Hello Nigel, I’ve moved this to a new thread as the original was quite old. The reason for disabling SSH access by default is that we ship the SD card with a default SSH password, it has been ‘emonpi2016’ for years. Disabling access reduces the chance that this would be used maliciously.
The emonPi has had the ability to enable SSH via the push button but it’s always been more of a hassle with the emonBase, do you have the emonBase? or did the push button not work?
We have been discussing however having a mechanism of enabling SSH from the emoncms user interface as it is a real hassle having to put the SD card in an SD card reader to add that /boot/ssh file for emonBase users (I forget to do it myself almost every time). For those who remember, we did argue quite strongly against this a few years ago but I think we’ve come round to the view that it would be good to have a solution for this. If enabling and disabling SSH is accompanied with password protection and the mechanism requires changing the default SSH password it might not pose too much of a security risk.
But then, if you’ve just written the SD card with dd, balenaEtcher or whatever, it’s very easy.
I think the only solution is to request the user to set and write down the new SSH password on first boot - and there’s still got to be a recovery mechanism somewhere, because some/many new users will inevitably be confused and unsure of what they’re doing and why, and will forget/lose their new password.
(I don’t use the password - I have a pair of key files set.)
Thanks Robert, your right that requiring the password to be set at first boot is probably the best option, would that then leave SSH enabled or would you still have the option to turn SSH on/off via the interface?
I’m not entirely sure what you’re getting at. Once you’ve got a good password or better, a pair of key files, SSH can be left enabled. Disabling SSH physically adds some security - depending on how good the password is. But you must not enable SSH without.
This is essentially a 3-state setup:
SSH disabled - physical access to the SD card or the machine running on it is required to enable it.
SSH enabled with no/default password - essentially free access to everything by anybody from anywhere.
SSH enabled with a ‘good’ password or key file pair - access to holder(s) of the password/key file.
Once set, the password is as secure as a password is, anyone will expect that having set the password, SSH will be enabled, with a reminder that the password just set will be required to allow access by SSH (or indeed to install the key file pair!).
My key file pair doesn’t have a password set - this machine is authorised for SSH access, not me. (And this is OK, the machine is password protected and the SSD encrypted.) I was wondering whether a key file pair like that could be generated on first boot, the private file copied to the user’s machine and then erased from the SD card.
Once the key file pair is installed, /boot/ssh disappears. The escape route is to put the SD card back in the user’s machine and generate a new key pair; or (presumably, I haven’t tried it) put /boot/ssh back.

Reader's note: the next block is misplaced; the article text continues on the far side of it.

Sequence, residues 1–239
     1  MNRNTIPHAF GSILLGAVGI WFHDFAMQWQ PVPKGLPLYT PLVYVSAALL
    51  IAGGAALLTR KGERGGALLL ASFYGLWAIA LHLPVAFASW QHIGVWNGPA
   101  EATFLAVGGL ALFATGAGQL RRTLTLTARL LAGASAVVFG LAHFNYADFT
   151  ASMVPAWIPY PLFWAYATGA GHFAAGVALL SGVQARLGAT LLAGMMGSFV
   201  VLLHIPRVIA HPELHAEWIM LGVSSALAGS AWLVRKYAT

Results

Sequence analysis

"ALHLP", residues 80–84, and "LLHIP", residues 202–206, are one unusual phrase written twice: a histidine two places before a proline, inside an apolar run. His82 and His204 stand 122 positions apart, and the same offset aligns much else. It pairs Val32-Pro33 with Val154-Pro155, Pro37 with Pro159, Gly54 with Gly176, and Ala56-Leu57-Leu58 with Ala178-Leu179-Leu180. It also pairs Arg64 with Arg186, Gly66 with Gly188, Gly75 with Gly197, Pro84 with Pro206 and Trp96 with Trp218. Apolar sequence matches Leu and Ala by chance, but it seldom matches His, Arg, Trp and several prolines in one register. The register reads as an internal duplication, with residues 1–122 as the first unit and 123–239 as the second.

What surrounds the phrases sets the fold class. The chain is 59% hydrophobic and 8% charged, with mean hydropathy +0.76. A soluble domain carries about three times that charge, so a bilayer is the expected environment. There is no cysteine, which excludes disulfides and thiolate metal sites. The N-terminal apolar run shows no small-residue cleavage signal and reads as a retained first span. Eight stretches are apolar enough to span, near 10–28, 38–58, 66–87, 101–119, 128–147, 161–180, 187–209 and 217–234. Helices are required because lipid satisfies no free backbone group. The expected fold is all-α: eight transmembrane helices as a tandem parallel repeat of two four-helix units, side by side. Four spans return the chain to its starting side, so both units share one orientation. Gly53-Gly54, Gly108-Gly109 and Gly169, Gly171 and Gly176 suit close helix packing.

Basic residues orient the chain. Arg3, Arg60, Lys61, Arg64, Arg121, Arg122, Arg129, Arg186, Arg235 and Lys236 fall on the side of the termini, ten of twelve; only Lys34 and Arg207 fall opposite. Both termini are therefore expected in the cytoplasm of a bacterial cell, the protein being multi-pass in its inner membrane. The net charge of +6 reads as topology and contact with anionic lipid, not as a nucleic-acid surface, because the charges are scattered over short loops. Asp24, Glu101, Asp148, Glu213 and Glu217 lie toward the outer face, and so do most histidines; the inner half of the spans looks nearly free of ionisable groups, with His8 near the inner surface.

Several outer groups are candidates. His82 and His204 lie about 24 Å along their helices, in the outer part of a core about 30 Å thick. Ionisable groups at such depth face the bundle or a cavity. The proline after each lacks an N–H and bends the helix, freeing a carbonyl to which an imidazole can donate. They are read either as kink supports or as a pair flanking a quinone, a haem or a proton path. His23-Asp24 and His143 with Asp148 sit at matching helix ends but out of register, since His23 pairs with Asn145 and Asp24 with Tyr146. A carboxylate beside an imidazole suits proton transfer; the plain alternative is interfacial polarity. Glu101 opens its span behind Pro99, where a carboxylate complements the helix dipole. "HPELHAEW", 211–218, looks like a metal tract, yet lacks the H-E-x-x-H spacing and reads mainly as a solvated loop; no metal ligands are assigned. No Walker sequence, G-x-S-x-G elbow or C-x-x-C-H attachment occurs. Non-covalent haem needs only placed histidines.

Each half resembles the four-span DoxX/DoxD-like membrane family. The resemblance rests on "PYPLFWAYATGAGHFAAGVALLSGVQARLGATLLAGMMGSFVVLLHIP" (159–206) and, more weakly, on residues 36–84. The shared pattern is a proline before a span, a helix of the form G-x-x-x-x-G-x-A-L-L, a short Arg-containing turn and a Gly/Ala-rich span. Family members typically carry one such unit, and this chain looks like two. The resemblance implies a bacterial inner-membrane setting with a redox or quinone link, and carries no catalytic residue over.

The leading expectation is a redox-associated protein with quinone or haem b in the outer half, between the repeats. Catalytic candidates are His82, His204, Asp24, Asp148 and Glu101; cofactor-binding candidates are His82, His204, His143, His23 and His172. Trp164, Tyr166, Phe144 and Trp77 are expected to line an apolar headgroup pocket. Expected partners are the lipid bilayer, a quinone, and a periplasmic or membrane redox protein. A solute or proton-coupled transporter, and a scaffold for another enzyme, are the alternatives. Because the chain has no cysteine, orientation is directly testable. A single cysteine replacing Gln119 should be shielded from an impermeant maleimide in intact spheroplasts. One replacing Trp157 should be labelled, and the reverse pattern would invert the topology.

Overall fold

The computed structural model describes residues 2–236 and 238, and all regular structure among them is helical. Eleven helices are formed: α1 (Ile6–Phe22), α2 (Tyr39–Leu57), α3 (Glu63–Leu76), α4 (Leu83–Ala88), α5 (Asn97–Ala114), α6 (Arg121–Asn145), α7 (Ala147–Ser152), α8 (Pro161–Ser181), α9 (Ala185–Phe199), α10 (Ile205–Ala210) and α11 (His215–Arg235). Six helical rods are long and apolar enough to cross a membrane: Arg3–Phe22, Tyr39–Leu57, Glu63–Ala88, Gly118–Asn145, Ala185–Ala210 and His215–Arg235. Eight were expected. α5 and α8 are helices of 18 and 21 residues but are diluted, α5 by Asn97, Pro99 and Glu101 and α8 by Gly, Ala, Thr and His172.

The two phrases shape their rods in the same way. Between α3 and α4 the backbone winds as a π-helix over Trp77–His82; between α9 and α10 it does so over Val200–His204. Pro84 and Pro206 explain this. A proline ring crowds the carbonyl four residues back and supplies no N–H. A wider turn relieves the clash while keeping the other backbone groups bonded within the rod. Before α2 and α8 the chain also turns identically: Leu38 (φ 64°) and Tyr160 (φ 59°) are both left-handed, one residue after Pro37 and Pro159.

I am trying to find the apache (and other) access log files to see if there are any hackers trying to infiltrate my system. The logs are not in /var/log/apache2. In the absence of hacking evidence I would prefer a simpler approach leaving things open and minimising the requirement for different login ids and passwords. The emonpi 2021 os is running on a pi 3 on the local network with no ports open. It needs to run headless in a cupboard and SSH or some form of rlogin is essential. There is no “push button” on my Pi 3. Why would someone want to mess with my energy monitoring system? I am reluctantly upgrading from the 2017 version that was working (nearly) fine. I find the terminology emonpi, emonhub, emonbase, emoncms and emoncms.org totally confusing. I hope I can get back to a robust working system.
I appreciate and am grateful for the work that has gone into the emon system which allows me to monitor the energy, charge the car and heat the water from the energy of the sun. I am inspired by the simplicity of updating Chromebooks and Teslas and which have a simple, single login.
That’s the upside. The downside is you’re totally dependent on that ecosystem that’s there primarily to make money for its provider. As we’ve see a few times, when that provider pulls the plug, you have a system that can’t be supported by anybody else.
As with all things, you pay your money and you make your choice.
A commercial system will endeavour to do that. Include Apple in the list of easy to use technology. I’m not sure “simplicity of use” and “commercial systems” (with the danger of plug pulling) are inextricably linked though.
I realise there is a lot under the hood of an emon system with the hardware, message passing, node-red routing, graphics and posting online all working harmoniously. But then a Tesla is like that. It is simple to use and very few are stolen.